Hugging is a recipe for health and happiness

Women giving hug

Sometimes, the simplest things in life are also the most beneficial. Take hugging, for instance. At some time or the other, we all have experienced the feeling of comfort and security of a warm and loving hug. There’s nothing that makes us feel better than a good, solid squeeze from a friend or a loved one. But the benefits of hugging go beyond feeling good.

Studies conducted in several countries have found that a simple cuddle is a powerful therapeutic mechanism. These studies have found that hugs can improve the health of your heart, lower your blood pressure, increase your immunity, and help you fight stress and anxiety. Of course, hugs also strengthen feelings of bonding.

According to a report in The Independent, “The benefits of hugging are now so widely recognised that, in the US, it is sometimes prescribed instead of medication.” It adds that “hug therapy” is being promoted as a way to tackle with depression, reduce social isolation and foster feelings of belonging.

With so many studies substantiating the therapeutic properties of hugging, isn’t it unfortunate that most of us hug only superficially? A superficial hug, instead of coming about as a result of genuine affection, is one that is performed as a custom. A quick and casual hug is not the same as a genuine cuddle, and consequently, does not offer the same benefits.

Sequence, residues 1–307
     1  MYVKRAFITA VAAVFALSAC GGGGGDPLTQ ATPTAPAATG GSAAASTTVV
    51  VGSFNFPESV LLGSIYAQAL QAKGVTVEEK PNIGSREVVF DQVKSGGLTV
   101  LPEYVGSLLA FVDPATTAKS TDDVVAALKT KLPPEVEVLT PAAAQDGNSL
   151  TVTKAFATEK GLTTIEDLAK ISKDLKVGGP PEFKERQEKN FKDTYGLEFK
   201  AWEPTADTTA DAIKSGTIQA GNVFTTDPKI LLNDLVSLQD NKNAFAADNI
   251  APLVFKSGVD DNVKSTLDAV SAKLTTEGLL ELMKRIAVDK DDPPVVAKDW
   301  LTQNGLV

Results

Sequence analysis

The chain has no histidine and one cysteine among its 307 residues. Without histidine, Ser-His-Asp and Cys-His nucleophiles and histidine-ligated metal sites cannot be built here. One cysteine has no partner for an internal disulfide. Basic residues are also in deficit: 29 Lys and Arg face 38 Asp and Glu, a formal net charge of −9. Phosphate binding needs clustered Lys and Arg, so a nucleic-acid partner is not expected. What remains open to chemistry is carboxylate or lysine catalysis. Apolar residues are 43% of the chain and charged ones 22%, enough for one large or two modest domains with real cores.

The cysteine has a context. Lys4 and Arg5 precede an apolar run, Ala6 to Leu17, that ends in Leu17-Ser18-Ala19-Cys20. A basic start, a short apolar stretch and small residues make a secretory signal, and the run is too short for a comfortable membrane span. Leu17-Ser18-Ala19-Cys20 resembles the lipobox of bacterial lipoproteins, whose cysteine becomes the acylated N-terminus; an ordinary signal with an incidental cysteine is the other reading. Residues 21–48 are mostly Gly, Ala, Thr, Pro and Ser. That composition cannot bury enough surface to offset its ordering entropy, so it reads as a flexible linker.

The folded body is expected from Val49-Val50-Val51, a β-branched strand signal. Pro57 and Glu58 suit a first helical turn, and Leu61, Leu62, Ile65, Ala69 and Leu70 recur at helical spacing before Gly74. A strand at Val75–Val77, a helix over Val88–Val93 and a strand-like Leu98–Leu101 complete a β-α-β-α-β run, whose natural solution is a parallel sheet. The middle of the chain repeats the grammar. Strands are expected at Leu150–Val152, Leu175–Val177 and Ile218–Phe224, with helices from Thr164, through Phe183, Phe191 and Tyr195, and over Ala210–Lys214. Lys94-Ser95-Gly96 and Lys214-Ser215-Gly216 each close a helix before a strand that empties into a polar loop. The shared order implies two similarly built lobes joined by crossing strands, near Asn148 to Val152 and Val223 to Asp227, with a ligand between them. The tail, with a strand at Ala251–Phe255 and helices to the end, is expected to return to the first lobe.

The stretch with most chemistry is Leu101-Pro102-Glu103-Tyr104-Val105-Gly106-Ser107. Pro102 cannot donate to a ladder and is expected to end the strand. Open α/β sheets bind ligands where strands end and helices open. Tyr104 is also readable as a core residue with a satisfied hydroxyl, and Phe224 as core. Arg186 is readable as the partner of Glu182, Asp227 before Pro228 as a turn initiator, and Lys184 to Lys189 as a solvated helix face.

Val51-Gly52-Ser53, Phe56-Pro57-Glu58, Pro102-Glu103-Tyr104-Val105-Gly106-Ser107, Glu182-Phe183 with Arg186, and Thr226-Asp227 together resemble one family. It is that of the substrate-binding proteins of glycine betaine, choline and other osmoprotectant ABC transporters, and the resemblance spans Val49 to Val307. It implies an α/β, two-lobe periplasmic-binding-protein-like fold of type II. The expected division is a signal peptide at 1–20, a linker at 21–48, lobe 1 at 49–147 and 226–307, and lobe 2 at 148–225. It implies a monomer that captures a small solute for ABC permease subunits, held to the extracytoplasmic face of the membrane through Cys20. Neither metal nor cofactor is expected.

According to Kathleen Keating, author of The Hug Therapy, “We need to recognise that every human being has a profound physical and emotional need for touch.” She adds, “There is something godlike everyone possesses in our arms, hands, fingers. This is the power to make someone feel cherished…the power to give [and receive at the very same time!] kindness, warmth, tenderness, support, healing, security – and most of all belonging.”

Hugging is so basic a need that not only must we indulge in it as frequently as we can, we must encourage others too to follow suit. So, the next time you feel like hugging someone, don’t hold yourself back. Cuddle wholeheartedly. Don’t be in a hurry to get it over and done with. Don’t think of it as a chore. It’s a beautiful expression of affection that also promotes healing and good health. So hug – for a happier, healthier world.

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Manoj Khatri
Manoj Khatri has spent the last two decades learning, teaching and writing about wellbeing and mindful living. He has contributed over 1500 articles for several newspapers and magazines including The Times of India, The Economic Times, The Statesman, Mid-Day, Bombay Times, Femina, and more. He is a counseling therapist and the author of What a thought!, a critically acclaimed best-selling book on self-transformation. An award-winning editor, Manoj runs Complete Wellbeing and believes that "peace begins with me".


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